Keeping Our WITs About Us
The Credit Strategist April 2022
One of the consequences of the changing nature of money is that investors have to think and act in multiple dimensions. Dr. Spock’s three-dimensional chess board is insufficient; we are working in far more than three dimensions today. The best investors think in multiple dimensions by, for example, structuring trades in different fiat currencies to maximize returns. A trade that generates a small return in one currency can generate a much larger return in a different currency based on currency moves without respect to moves in the underlying asset (it can also work in reverse if the currency moves in the opposite direction of course, which is why such trades must be carefully hedged). This approach needs to be more widely applied to asset classes as well. The necessity to track the value of assets not merely in multiple fiat currencies but in multiple asset classes is more imperative than ever. Investors owning large portfolios must track the value of their assets in commodities, gold (which is a currency) and perhaps even in Bitcoin today and be versed in trading all of these asset classes and converting their holdings from one asset class into another. Even illiquid assets like real estate can be held in forms that can be converted into other forms of liquid ownership in a world where the blockchain and other forms of derivative ownership exist. ETFs, which have their flaws, can help smaller investors accomplish this type of investing as well among different asset classes (within limits). These are not our grandfather’s markets anymore; they are not even our father’s markets anymore. These are now our children’s markets and the adults are running to catch up and understand them.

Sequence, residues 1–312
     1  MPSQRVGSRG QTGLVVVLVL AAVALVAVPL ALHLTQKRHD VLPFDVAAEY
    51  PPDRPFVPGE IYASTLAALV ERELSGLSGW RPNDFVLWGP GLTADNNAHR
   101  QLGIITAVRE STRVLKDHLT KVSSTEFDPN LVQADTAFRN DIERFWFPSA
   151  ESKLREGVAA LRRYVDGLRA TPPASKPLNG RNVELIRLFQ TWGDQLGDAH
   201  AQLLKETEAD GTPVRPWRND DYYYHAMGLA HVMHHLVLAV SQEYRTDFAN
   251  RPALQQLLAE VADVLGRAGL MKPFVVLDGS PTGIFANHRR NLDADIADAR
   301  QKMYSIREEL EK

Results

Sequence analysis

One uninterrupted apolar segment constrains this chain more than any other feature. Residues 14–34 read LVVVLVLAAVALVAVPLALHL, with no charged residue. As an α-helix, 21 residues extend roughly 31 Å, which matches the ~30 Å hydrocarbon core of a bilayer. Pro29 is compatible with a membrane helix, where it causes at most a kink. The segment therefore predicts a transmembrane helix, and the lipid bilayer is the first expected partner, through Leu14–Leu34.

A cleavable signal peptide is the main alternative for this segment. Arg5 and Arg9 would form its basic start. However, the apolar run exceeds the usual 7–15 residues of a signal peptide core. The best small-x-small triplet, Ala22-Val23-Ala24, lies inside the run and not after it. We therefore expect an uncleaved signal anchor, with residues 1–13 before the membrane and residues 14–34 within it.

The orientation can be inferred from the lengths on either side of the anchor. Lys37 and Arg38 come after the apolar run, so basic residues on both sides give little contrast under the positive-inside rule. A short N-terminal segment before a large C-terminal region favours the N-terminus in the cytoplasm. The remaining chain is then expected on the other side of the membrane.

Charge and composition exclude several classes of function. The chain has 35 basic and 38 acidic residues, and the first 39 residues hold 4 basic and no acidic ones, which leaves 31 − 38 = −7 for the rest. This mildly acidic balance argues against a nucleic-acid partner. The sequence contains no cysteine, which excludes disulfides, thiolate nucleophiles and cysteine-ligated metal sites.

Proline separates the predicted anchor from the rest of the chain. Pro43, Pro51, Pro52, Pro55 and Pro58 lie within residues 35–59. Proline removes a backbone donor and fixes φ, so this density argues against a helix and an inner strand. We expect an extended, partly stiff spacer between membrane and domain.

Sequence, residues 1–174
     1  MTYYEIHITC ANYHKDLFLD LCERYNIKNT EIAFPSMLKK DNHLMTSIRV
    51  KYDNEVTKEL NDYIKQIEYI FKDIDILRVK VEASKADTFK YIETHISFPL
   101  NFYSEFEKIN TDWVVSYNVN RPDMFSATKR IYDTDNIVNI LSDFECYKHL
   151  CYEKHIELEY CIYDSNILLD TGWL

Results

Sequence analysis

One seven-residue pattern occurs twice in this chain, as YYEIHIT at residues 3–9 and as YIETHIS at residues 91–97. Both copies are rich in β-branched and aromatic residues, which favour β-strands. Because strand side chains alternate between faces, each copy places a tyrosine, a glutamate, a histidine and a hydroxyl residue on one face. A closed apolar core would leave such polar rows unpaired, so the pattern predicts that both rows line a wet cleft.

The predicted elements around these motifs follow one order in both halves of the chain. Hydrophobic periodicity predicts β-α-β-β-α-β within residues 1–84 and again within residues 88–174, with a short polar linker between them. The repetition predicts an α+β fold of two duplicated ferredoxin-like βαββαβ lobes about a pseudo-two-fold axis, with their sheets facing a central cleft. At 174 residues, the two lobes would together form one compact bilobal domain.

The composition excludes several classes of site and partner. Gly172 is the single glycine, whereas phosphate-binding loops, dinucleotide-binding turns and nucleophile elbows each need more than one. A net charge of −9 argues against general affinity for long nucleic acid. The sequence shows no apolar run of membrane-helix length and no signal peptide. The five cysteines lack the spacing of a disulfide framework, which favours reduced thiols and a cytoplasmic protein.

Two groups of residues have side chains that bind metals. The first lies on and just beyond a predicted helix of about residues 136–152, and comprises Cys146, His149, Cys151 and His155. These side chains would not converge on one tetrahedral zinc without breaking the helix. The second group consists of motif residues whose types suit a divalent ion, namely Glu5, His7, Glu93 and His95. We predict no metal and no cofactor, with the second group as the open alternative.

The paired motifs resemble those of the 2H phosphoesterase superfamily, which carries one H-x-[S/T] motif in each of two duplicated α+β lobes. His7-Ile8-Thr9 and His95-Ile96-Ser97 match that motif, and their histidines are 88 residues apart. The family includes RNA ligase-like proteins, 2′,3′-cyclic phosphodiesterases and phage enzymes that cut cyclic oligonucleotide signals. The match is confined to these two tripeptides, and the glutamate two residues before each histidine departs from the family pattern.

Market snapshots are often misleading especially in volatile environments. I believe the recent bear market rally (it is not the beginning of a new bull market despite what some are suggesting) is an especially good example of why short-term moves are often deceiving and dangerous. One-in-five Nasdaq stocks are down 75% from their all-time highs but after a 13% rally from its March low the Nasdaq is only down 11.3% from its all-time high. But this rally occurred during a sharp bond market sell-off which is unlikely to reverse with the Fed just beginning its tightening cycle. And NASDAQ stocks are particularly vulnerable to higher rates with a high concentration of infinite duration stocks (stocks that are very far away from profitability).
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